This cruciferous vegetable is loaded with nutrients, like vitamins, fiber, and antioxidants that are good for humans and canines, alike. Brussels sprouts contain vitamin K, which helps blood clot properly, builds bones, and protects the heart. They also contain a mini-alphabet of other vitamins, including C, A, B1, and B6. The antioxidants reduce inflammation and improve blood circulation. As if that’s not enough goodness, this veggie also contains compounds that can protect against free radicals, which are known to be harmful.
So, if Brussels sprouts are so good for your dog, why not feed him a hearty helping each day? Because there’s a downside well known to anyone who regularly eats them: gas. Lots and lots of gas. Sprouts contain a high level of a substance called isothiocyanate that improves the intestinal muscle’s ability to push food and waste through the gastrointestinal tract. This builds up excess bacterium, which leaves the body as gas. A moderate amount “clears the pipes,” so to speak. Too much and your dog can suffer from stomach upset and diarrhea. Even small and moderate amounts of Brussels sprouts will cause flatulence. And while it may send you running from the room, it’s not harmful to your dog. This nutritious veggie has no toxins or poisons, and there’s no immediate cause for alarm if your dog experiences a temporary stomach upset or a record-setting level of flatulence. Consult your vet, of course, if symptoms last longer than a few days.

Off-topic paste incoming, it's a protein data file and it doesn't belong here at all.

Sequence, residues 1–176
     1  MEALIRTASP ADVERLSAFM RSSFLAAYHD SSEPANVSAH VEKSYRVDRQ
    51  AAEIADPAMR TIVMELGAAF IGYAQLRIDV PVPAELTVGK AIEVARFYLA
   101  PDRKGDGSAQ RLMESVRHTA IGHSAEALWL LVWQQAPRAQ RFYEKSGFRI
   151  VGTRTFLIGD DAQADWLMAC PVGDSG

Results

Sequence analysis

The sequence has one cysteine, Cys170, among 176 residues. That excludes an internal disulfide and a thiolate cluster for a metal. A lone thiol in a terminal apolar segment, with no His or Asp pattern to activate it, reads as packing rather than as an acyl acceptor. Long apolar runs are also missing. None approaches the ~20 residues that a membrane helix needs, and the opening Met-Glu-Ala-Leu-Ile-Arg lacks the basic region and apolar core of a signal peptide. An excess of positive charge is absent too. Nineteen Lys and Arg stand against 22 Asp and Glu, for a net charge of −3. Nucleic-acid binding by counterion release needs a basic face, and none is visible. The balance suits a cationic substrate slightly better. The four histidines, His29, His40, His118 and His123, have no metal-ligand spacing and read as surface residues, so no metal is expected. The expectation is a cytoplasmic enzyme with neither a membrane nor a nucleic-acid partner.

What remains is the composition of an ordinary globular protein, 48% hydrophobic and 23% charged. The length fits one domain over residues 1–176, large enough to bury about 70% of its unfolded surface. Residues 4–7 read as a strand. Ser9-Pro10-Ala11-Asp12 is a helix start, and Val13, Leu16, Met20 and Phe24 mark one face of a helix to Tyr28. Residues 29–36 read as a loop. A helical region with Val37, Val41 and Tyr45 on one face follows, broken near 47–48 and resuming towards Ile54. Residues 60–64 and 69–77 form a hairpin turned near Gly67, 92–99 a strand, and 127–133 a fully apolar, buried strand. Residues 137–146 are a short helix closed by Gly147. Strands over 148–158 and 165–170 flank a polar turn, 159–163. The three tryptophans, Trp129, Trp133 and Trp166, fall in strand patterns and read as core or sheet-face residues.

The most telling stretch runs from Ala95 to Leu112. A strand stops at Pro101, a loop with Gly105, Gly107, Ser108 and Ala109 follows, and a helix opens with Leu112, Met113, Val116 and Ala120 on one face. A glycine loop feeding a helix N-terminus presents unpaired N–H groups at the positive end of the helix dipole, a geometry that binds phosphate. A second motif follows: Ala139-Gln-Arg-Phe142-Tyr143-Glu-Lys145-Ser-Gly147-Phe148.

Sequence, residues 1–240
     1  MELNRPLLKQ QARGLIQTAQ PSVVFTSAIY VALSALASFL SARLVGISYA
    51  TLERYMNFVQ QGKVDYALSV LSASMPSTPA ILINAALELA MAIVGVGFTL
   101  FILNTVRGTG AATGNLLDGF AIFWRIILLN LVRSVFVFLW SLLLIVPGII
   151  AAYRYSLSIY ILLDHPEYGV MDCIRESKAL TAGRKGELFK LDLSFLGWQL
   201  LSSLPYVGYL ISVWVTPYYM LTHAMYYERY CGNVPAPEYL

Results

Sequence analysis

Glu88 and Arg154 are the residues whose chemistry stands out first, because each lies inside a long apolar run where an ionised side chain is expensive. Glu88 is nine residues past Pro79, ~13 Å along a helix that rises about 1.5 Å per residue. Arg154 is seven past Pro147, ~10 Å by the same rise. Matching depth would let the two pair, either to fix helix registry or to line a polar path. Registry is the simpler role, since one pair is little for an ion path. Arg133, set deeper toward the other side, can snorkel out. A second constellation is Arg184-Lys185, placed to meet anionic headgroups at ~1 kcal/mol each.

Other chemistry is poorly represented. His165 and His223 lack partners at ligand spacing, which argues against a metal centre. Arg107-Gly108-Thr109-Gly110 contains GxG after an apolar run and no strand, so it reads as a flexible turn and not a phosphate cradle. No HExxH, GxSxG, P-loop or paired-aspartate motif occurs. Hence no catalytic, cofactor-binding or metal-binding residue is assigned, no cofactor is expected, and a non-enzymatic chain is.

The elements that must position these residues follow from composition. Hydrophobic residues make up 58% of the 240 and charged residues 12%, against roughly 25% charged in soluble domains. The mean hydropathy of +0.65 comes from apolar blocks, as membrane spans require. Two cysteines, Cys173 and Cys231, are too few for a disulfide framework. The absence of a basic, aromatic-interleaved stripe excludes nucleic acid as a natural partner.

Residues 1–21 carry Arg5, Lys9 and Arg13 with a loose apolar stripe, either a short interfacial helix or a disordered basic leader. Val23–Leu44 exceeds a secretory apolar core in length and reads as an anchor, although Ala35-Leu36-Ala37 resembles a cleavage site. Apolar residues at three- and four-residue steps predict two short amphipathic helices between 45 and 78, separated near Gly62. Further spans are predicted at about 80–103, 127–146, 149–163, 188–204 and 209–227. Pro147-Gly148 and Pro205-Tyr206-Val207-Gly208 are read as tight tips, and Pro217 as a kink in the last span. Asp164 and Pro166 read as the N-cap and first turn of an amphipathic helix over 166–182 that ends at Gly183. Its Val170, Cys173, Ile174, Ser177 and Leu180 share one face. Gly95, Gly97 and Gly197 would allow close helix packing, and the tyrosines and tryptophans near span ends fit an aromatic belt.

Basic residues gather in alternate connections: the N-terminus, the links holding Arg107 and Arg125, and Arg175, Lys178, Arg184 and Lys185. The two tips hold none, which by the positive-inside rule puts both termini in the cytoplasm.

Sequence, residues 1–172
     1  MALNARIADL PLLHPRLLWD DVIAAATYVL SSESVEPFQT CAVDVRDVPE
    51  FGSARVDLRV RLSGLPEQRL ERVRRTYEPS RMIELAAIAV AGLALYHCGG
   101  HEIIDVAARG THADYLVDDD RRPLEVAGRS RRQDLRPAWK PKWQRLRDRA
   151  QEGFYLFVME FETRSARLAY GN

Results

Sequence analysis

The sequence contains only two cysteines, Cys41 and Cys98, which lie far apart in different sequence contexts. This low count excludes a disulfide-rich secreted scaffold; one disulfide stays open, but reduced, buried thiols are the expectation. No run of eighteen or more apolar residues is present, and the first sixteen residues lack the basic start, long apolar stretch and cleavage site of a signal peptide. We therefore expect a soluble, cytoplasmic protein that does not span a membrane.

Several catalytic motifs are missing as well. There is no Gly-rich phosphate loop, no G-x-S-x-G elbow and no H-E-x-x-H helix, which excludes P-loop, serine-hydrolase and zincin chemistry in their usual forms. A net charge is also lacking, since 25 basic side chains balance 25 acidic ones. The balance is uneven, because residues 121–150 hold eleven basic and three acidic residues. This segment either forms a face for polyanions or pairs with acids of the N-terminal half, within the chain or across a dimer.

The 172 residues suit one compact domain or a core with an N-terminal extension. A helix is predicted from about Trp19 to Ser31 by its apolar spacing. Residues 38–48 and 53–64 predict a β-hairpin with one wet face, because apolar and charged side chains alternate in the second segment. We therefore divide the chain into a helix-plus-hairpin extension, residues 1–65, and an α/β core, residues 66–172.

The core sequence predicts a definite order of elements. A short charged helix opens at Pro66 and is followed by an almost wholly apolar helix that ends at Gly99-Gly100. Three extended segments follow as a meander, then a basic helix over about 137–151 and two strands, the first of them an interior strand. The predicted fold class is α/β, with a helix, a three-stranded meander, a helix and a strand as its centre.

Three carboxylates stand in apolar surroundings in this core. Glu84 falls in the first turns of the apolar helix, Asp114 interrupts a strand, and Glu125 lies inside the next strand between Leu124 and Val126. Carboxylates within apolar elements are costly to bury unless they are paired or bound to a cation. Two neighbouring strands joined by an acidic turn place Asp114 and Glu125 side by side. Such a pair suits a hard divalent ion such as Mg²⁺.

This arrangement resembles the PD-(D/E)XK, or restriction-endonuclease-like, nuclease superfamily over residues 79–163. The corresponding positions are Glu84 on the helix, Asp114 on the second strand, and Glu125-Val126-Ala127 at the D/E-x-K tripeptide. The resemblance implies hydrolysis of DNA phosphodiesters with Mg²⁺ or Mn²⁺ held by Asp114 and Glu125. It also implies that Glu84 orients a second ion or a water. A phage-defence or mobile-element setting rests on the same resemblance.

The best way to prepare Brussels sprouts for your dog is to steam, boil, or microwave them. Steaming preserves the largest amount of nutrients. Start with sprouts that are green and firm. Wash them thoroughly and cut off most of the stem, while leaving the leaves intact. Steam for five minutes or microwave in water for up to eight minutes. Boiling takes longer, about 10 minutes, and doesn’t preserve as many of the nutrients. Don’t serve them raw; they’ll be too hard for your dog to digest. And skip the herbs and spices.
If your dog has any dietary or allergic issues, do not feed him Brussels sprouts without first consulting your veterinarian. If your dog is cleared to eat this vegetable, start by giving him a small portion, 1/2-to-1 sprout, depending on his size. If that goes well, you can offer him a Brussels sprout treat — no more than three per serving — from time-to-time. While you’re at it, prepare some for yourself, too. They’re good for you! (From the AKC)
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